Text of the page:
First, Debra argues that this claim runs parallel to the federal prohibition on off-label promotion. She cites to Riley v. Cordis Corporation, 625 F.Supp.2d 769 (D. Minn. 2009), to support this argument. There, the court stated that

[i]t seems possible ... that Riley could plead a narrow fail-ure-to-warn claim that would escape preemption. Specifically, if Riley pleaded that (1) Cordis affirmatively promoted the off-label use of the Cypher stent in a manner that violated federal law, and (2) that, while promoting the device in violation of federal law, Cordis failed to include adequate warnings and directions about the off-label use that it was promoting, then Riley's claim might survive.

Id. at 783. Debra contends that she has alleged such a claim. She argues that when the FDA approved the Infuse device, that approval pertained only to the device if it contained all three parts and that defendants unilaterally changed the intended use of that device by actively promoting the use of the bone protein alone. Or in other words, Debra argues that defendants were manufacturing, marketing, selling, and promoting an unregulated application of the bone protein, which violates both federal law and state law. See 21 U.S.C. § 352(a) (prohibition on misbranding); A.R.S. § § 12-681 - 12-689 (product liability statutes).

This court joins the majority of other courts which have held that failure-to-warn claims " based on off-label promotion of Infuse are expressly preempted." Eidson II, 2014 WL 1996024, at *19; Beavers-Gabriel, 2014 WL 1396582, at *13 ( failure to warn claim based on off-label promotion preempted because it " seeks to impose on Defendants a duty to provide warnings beyond those already outlined by the FDA, which Riegel prohibits" ); Houston II, 2014 WL 1364455, at *6 (" Houston's claim that Medtronic failed to warn Houston or her physician is expressly preempted" ); Hawkins, 2014 WL 346622, at *14-15 (holding that claim based on failure to warn during off-label promotion was expressly preempted); Kashani-Matts, 2013 WL 6147032, at *4 (holding that failure to warn claim based on allegations " that Medtronic failed to warn Plaintiff and her physicians of the risks and dangers involved in the offlabel use of the Infuse Device and that the warnings accompanying the Device did not adequately warn of the dangers of using the Device in cervical fusion surgery" is expressly preempted by the MDA). Thus, Debra's failure to warn claim premised on defendants' off-label promotion is dismissed.

Debra also contends that her failure to warn claim is cognizable under Stengel v. Medtronic Inc., 704 F.3d 1224 (9th Cir. 2013). There, " Richard Stengel had a SynchroMed EL Pump and Catheter surgically implanted in his abdomen to deliver pain relief medication directly into his spine." Id. at 1227. This device led to Stengel being paralyzed. Id. " When it received FDA approval of its SynchroMed EL Pump and Catheter, Medtronic was not aware of certain risks associated with the device. Before Stengel was paralyzed, however, Medtronic had become well aware of those risks but had failed to inform the FDA, even though the MDA required Medtronic to do so." Id. The Stengels sued and Medtronic moved to dismiss their complaint. Id. at 1226.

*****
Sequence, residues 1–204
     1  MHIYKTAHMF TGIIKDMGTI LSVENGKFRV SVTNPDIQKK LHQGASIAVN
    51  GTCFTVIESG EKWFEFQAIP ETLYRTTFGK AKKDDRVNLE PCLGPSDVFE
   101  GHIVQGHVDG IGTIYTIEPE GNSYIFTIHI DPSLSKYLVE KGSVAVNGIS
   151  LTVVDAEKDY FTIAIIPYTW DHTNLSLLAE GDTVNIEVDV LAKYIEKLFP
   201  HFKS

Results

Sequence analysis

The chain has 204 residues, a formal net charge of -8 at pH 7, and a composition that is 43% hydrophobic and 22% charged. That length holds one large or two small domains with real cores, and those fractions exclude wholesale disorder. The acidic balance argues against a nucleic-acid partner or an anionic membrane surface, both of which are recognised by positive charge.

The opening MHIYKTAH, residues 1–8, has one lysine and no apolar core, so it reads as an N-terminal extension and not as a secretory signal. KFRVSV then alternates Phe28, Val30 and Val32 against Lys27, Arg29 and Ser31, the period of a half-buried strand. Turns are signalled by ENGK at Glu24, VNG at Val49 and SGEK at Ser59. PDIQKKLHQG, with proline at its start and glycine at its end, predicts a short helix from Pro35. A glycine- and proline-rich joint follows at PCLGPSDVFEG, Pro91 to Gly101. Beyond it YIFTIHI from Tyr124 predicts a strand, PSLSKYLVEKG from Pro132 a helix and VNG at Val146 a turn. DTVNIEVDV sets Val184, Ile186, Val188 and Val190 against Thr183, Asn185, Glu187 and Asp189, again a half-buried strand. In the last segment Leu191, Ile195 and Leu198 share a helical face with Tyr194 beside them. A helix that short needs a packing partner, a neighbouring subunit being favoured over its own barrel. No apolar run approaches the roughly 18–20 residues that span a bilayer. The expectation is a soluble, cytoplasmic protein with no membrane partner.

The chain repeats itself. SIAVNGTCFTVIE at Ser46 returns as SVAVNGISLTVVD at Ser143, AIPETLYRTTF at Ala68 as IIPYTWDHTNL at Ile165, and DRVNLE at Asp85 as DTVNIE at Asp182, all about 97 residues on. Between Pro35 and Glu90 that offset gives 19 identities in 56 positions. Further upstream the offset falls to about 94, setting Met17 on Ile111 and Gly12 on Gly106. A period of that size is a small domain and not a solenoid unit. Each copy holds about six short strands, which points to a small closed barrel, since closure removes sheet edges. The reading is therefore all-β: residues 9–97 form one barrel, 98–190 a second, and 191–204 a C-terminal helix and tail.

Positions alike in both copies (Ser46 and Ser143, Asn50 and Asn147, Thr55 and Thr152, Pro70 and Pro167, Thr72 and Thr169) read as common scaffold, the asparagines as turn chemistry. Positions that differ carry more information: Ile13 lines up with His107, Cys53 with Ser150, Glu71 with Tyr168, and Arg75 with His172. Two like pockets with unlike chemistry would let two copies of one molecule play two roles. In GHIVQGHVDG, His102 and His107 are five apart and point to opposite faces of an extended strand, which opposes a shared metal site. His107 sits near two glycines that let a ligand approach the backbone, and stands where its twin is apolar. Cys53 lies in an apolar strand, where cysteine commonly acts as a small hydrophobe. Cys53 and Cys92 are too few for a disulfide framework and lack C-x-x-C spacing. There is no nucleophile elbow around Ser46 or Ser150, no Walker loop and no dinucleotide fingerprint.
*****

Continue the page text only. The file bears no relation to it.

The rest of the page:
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" The Stengels moved to amend their complaint to add a new state-law negligence claim. That claim alleged that Medtronic had violated a state-law duty of care by failing to report known risks associated with use of its medical device to the Food and Drug Administration (" FDA" )." Id. More specifically,

[t]he new claim in the Stengels' proposed amended complaint alleges that, under federal law, Medtronic had a " continuing duty to monitor the product after pre-market approval and to discover and report to the FDA any complaints about the product's performance and any adverse health consequences of which it became aware and that are or may be attributable to the product." It further alleges that Medtronic failed to perform its duty under federal law to warn the FDA. Finally, the complaint alleges that, because Medtronic failed to comply with its duty under federal law, it breached its " duty to use reasonable care" under Arizona negligence law.

Id. at 1232. The Ninth Circuit held that " [t]he Stengels' proposed new claim under Arizona law, insofar as the state-law duty parallels a federal-law duty under the MDA, is not preempted." Id. at 1233. The court explained:

Plaintiffs' claim is brought under settled Arizona law that protects the safety and health of Arizona citizens by imposing a general duty of reasonable care on product manufacturers. The whole modern law of negligence, with its many developments, enforces the duty of fellow-citizens to observe in varying circumstances an appropriate measure of prudence to avoid causing harm to one another. Arizona tort law includes a cause of action for failure to warn. Under Arizona law, negligence standards impose a duty to produce products with appropriate warning instructions. A product may be unreasonably dangerous in the absence of adequate warnings. The manufacturer of a product must warn of dangers which he knows or should know are inherent in its use. This duty may be a continuing one applying to dangers the manufacturer discovers after sale.